Anne Fadiman, acclaimed essayist, author and teacher, delivers the Commencement address to the Holy Cross class of 2013. Image by Dan Vaillancourt
The importance of determination and resiliency were the key themes that members of the Class of 2013 heard at the 167th Commencement Exercises held this morning at the College of the Holy Cross.
A total of 701 men and women were awarded bachelor of arts degrees before family and friends of the graduates, Holy Cross faculty, administrators, staff and honored guests. The event was held in the Hart Center basketball arena due to inclement weather, just the second time it was moved indoors since 2000.
Anne Fadiman, acclaimed essayist, author and teacher, delivered this year’s address to the graduates and received an honorary degree. The Francis Writer in Residence at Yale University, she opened her remarks with references to the campus and shared moments of the Class of 2013, that drew laughter and applause. Then, she told the graduates intimate stories of two people who taught her great lessons, both of whom died this year: Lia Lee and Marina Keegan.
Lee was the subject of her first book, “The Spirit Catches You and You Fall Down: A Hmong Child, Her American Doctors, and the Collision of Two Cultures” (Farrar, Straus and Giroux, 1997), which received the National Book Critics Circle Award, among many other nonfiction honors. Her book tells the story of an extended refugee family; their cultural, linguistic, and medical struggles in America; and Lia, the daughter with epilepsy and severe medical challenges. “What lesson might Lia’s life have for you?” she asked the Holy Cross graduates. “It’s deceptively simple: See things from a different point of view.”
As opposed to Lia, who never said a word after a neurological crisis at age 4, Marina Keegan was “hyper-articulate,” a writer and one of Fadiman’s students at Yale. Her death in a car crash five days after graduating from the university last year drew national attention. A gifted writer with a tireless work ethic, Keegan had left enough work to fill a book, which is expected to be released next year. “Marina’s lesson is even simpler than Lia’s: Never give up,” Fadiman said.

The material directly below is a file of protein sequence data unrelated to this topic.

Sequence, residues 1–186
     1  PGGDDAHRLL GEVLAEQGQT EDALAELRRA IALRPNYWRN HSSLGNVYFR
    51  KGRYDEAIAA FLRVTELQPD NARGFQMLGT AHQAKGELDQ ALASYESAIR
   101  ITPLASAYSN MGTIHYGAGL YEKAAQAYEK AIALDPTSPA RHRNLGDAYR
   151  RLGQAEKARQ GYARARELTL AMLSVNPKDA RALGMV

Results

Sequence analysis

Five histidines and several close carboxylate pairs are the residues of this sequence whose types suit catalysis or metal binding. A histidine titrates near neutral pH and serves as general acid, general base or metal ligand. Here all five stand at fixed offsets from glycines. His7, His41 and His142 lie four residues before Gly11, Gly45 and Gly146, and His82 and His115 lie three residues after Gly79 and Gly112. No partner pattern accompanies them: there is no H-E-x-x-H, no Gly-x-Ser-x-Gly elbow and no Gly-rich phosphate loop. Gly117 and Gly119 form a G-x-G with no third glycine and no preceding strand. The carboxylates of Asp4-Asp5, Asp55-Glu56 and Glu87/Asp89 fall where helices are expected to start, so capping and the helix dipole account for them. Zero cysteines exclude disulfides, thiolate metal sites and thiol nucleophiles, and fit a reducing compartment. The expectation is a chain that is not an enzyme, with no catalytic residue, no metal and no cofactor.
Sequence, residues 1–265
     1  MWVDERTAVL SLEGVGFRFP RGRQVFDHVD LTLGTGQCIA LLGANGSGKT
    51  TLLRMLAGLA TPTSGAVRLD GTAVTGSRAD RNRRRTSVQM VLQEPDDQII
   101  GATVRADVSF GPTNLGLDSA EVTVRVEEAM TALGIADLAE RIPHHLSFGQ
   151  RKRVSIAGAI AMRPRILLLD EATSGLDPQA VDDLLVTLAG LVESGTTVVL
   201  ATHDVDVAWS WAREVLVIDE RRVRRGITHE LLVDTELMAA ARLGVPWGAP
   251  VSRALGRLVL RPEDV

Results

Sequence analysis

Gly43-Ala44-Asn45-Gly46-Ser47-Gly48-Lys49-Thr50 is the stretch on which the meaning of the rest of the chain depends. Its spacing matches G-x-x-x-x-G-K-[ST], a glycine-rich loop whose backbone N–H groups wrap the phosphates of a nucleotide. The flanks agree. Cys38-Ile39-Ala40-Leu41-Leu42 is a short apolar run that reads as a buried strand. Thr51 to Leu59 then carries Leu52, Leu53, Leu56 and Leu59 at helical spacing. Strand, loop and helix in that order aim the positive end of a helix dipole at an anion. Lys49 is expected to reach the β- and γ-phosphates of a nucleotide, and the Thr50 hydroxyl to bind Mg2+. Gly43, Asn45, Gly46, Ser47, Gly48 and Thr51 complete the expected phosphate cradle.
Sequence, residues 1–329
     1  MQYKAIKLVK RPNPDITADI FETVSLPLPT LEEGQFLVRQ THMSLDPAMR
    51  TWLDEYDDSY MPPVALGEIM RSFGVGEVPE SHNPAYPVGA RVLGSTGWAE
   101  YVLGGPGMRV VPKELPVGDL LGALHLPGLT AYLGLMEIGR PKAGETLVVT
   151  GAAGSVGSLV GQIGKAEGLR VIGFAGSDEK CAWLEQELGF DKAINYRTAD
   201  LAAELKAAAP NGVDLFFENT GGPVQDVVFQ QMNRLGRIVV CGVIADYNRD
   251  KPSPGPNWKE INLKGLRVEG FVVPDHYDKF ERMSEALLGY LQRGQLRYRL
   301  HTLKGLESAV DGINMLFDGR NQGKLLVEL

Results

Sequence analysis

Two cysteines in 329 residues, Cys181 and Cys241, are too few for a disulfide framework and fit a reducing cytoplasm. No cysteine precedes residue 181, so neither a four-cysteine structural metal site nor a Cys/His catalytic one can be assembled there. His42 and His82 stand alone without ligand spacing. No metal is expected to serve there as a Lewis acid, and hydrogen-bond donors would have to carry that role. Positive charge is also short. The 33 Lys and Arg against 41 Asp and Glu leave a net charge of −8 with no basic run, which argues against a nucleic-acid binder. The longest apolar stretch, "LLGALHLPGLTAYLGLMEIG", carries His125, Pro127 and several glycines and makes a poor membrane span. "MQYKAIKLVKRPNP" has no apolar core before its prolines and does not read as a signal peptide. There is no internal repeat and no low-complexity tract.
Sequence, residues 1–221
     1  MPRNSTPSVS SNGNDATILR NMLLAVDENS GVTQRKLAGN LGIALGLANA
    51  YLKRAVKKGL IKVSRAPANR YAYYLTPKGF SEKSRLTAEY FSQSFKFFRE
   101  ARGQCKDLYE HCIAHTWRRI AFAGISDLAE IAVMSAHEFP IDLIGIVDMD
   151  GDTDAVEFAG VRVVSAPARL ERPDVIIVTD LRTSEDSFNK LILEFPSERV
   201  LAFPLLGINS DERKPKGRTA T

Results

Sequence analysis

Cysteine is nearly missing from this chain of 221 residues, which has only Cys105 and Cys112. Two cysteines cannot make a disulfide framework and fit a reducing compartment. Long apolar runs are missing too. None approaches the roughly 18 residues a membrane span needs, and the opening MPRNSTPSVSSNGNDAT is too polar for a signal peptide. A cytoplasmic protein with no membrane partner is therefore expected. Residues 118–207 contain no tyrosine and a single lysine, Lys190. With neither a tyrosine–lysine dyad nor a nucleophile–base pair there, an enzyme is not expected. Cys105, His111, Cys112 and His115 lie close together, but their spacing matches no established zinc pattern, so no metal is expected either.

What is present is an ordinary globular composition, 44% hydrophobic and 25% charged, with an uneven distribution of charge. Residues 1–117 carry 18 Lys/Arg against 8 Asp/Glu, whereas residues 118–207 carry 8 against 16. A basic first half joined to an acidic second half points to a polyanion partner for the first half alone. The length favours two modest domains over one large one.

Alluding to a demanding sailing competition that 14-year-old Keegan took part in, she told the graduates: “After you drive down Linden Lane and into your adult lives, don’t confine yourself to the fair weather races, the easy races, the races you know you can win. Get out in gale force winds. Know you will capsize, again and again and again and again. Know that it will not be easy to right your boat, but you can do it. Because the most magnificent triumphs are the hardest ones — the ones that include failure, the ones that you get through not because you are smart or because you are skilled, but because you don’t give up.”
The valedictory address by graduating senior Travis LaCouter, from Concord, N.H., largely eschewed the traditional practice of congratulating fellow classmates on reaching this milestone. Instead, the political science and Catholic studies double major, who was also in the College Honors Program, asked graduates to consider the series of challenges it took them to get to this point, and preserve that spirit for it “will be more crucial still as we enter a world fraught with serious challenges.”
In addition to Fadiman, honorary degrees were also conferred on Sister Janet Eisner, president of Emmanuel College, and Jack D. Rehm ’54, P81, 85, 88, philanthropist and influential media executive.
For more coverage, including photos and audio, visit the Commencement website.
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